The Society of Foolhardy Folly: Anglers and Hunters Against the Environment
EMPIRE, MI — Days before ice crowded back into Lake Michigan’s Platte Bay late last week, the shallow waters opened and fishermen planted their poles in the soft sand at the mouth of the Platte River and waited for steelhead and maybe a brown trout. Clean, cold water is abundant in our region in large part due to the safeguards contained in the 1972 Clean Water Act, arguably the most important environmental protection statute in history.
The law set limits on multiple pollutants from multiple sources. American courts enforced its provisions. Governments around the world enacted their own versions of the clean water law. And in the United States cleaner water gave rise to multi-billion dollar fisheries, new shoreline development in the nation’s cities, hundreds of thousands of businesses and millions of jobs in the recreational economy, and the untold satisfaction that the United States once was capable of responding effectively to a big national problem.
But when I wandered up to the parking area the pickups sported troubling evidence of how estranged we are, how politically disembodied we’ve become. The anti-EPA bumper stickers were apparent. “Defund the EPA.” “Regulate the EPA.” The men so intent on securing the fish that swam in the clean water of Lake Michigan also were engaged in a political abstraction. They very clearly voted for the right’s insurgent lawmakers, men and women in our state Legislature and national Congress not at all interested in advancing a tradition of environmental safeguards.
Disagreement about the scope and intensity of environmental regulations is a half-century old in the United States. What’s more — if you ask GOP voters what regulation they’d like to weaken — one that makes the air and water dirtier, opens the meadow next door to toxic waste dumping, allows the favorite wetland to be filled — they most often don’t have an answer. That’s because most Americans appreciate the cleaner and safer country we’ve produced with our environmental protections. I know a Republican family in Kentucky who took a trip to China, breathed the filthy air, smelled the putrid water, and returned home with this vow: “I’ll never complain about the EPA again.”
Environmental regulations and the EPA, though, are part of the nihilistic GOP message machine that asserts nothing really matters except shrinking the government, lowering taxes, ending regulation, opposing gun control and hating Obama. That’s a management menu, while provocative, that offers not a single cogent response to the economic and ecological storms that are battering us now. The Democrats are less dangerous, but also not nearly as articulate and determined.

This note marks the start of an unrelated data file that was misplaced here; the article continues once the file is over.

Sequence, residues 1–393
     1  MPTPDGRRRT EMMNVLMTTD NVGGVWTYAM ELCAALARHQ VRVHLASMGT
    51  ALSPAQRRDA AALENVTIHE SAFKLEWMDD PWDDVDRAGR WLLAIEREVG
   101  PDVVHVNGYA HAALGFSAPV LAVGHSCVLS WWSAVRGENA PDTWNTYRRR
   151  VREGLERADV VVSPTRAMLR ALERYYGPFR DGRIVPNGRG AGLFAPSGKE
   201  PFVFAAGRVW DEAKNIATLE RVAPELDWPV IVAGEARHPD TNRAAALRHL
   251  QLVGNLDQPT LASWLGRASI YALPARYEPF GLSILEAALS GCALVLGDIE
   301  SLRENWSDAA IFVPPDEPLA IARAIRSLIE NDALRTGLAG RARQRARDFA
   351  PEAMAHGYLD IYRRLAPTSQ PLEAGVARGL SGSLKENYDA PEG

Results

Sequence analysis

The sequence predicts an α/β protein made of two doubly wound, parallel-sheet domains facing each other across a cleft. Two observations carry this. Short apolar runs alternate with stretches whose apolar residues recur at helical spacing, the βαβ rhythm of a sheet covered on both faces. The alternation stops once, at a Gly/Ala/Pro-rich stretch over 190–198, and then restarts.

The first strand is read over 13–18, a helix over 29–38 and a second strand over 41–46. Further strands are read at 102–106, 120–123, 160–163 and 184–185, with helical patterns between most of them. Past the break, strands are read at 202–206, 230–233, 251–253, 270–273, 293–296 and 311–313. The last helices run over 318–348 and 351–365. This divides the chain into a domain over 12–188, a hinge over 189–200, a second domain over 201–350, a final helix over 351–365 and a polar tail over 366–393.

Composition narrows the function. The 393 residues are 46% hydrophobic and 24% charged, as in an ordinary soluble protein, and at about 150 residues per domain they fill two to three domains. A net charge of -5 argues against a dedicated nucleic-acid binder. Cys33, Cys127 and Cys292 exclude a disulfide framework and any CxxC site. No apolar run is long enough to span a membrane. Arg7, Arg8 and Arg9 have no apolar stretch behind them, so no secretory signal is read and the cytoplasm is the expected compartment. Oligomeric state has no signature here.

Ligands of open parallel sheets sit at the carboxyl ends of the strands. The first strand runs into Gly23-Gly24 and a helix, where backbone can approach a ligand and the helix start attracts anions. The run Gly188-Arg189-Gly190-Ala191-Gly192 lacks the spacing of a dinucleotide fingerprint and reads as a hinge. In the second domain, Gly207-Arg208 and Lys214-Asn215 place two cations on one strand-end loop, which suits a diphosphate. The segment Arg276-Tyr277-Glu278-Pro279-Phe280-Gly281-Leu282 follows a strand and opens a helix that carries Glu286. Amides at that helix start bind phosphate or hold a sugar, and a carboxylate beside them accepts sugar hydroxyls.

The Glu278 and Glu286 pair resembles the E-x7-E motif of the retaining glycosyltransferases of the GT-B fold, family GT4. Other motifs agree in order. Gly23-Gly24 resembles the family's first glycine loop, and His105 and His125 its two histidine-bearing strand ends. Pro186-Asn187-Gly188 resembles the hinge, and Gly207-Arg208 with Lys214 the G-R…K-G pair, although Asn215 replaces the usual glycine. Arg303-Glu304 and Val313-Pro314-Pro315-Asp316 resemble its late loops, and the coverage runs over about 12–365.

Neither party is ready to describe the risks of what we face, and the many changes that are required to build a new era of safety and prosperity. Certainly, defending the nation’s existing environmental safeguards is a priority.
Just in the U.S. over the last decade we’ve crashed the economy, drowned two cities, produced a class of the permanently jobless, replaced the proven strategy of public investment leveraging private development with a hopeless era of austerity, turned suburban malls, theaters, and schools into killing zones, dried up Texas and California, killed hundreds with Great Plains and southern tornadoes, put the focus of our energy development sector on producing more carbon saturated fossil fuels through fracking and less on carbon-light renewables.
We are told by the chattering classes that voters are poised to make things worse by giving the GOP control of the U.S. Senate. The GOP’s wealthy supporters, like the rich legions that support the Democrats, have sufficiently distanced themselves from the nation’s problems that they’ve become untouchable. The rest of us need to find ways to reach each other. We are a lot more united than we think.
We like clean air and don’t want it to get dirty again. We appreciate laws that reduce risks in the work place and keep children from becoming laborers. We want good schools, decent work, and energy efficiency. We want some measure of hope that what we see unfolding in front of us will produce pragmatic leaders and a new era of national resolve to face up to our challenges and fix them. We like to fish. And we like the clean water they swim in.
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